As Mark McKinley puts it, “no collector ever says, ‘I’ve gone too far.'” After 27 years and an official Guinness World Record, he stands by that statement.
Jesse Krimes served five years in federal prison for drug charges. While incarcerated, Krimes created a larger-than-life work of art that he considers a reflection of the very walls that confined him. Working with only one small, individual section at a time, he created an approximately fifteen-foot-tall, thirty-foot-long piece of art, crafted from prison bed sheets which he obtained by paying off the washroom attendant. Using hair gel and a plastic spoon, Krimes transferred newsprint images from The New York Times onto the bed sheets, then had each panel sent out of prison.
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Jon Kaufman is a Philadelphia-born and raised director, producer, and cinematographer. A graduate of Temple University, he has worked internationally on documentaries, and produced content for companies such as VICE, RedBull, and National Geographic. He is currently the co-founder of the Media In Neighborhoods Group (MING) in Philadelphia.
Seven Halsema is an accomplished post-production engineer. Before his career in the film industry, he studied Behavioral Science and taught and mentored immigrant youth in underserved areas of Amsterdam. He has worked on major productions such as The Voice, Madagascar, Cars, Harry Potter, and for clients like Nike, Porsche, and Audi. He is now a content director for the Media In Neighborhoods Group (MING) in Philadelphia.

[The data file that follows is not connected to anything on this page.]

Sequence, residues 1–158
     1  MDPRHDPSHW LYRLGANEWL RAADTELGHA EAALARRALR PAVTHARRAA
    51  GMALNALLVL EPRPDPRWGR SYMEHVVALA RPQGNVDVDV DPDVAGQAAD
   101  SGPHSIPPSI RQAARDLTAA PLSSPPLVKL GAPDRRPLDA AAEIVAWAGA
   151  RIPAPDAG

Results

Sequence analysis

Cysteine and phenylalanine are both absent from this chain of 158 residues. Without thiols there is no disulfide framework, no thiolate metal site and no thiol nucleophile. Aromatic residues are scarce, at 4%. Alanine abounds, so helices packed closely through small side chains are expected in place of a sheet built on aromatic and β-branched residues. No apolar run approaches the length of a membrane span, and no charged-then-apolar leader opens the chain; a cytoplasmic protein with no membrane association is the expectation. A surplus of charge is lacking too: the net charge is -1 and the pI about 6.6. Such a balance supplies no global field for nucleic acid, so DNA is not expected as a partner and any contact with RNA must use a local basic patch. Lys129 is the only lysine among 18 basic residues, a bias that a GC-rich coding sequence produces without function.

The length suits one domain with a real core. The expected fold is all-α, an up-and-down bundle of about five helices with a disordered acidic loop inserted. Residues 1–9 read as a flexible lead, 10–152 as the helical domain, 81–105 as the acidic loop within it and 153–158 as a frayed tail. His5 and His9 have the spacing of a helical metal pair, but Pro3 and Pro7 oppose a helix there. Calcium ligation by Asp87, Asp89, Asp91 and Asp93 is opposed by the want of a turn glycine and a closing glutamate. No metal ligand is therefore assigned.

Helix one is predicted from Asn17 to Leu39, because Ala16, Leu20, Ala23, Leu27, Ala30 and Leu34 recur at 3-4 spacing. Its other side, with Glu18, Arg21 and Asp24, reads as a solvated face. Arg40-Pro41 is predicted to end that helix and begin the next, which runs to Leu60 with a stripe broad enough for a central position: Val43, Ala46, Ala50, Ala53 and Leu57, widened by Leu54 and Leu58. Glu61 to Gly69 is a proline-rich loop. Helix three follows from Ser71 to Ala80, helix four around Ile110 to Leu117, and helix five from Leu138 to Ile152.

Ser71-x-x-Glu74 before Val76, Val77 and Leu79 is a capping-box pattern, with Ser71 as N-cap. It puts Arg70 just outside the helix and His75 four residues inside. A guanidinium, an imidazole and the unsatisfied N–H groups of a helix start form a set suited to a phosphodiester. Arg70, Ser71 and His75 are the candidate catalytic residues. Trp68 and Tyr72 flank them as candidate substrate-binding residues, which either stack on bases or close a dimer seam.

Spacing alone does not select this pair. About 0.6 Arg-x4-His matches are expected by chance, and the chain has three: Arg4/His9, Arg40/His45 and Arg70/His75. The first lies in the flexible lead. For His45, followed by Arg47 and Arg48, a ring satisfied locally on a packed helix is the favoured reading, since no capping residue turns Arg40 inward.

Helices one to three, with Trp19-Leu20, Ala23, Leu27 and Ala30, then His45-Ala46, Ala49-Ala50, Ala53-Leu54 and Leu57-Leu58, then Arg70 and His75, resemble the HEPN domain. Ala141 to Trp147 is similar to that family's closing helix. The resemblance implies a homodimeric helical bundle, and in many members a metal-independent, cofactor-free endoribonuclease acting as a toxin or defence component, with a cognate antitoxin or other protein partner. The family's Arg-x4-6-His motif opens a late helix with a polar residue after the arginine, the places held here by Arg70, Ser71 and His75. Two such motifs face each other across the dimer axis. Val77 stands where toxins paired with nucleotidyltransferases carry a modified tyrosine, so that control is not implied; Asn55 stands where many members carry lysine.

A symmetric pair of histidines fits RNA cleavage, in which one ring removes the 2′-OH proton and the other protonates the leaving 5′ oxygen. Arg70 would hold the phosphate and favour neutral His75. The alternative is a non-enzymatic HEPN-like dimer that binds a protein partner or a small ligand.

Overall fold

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Once a year, residents of this mountainous island gather at two churches on opposite ends of town and launch 100,000 handmade rockets — directly at each other.
When Dee came out as a transgender, it meant the end of her marriage to Penny. And that’s when the empowering journey for both women truly began.
As Chinese investment turns this mineral-rich region into a cash cow, does the Southern Mongolian culture have any hope of survival? A few families are willing to fight for it.
We humans are far more complex than the news headlines and clickbait would have you believe. Let the Narratively newsletter be your guide.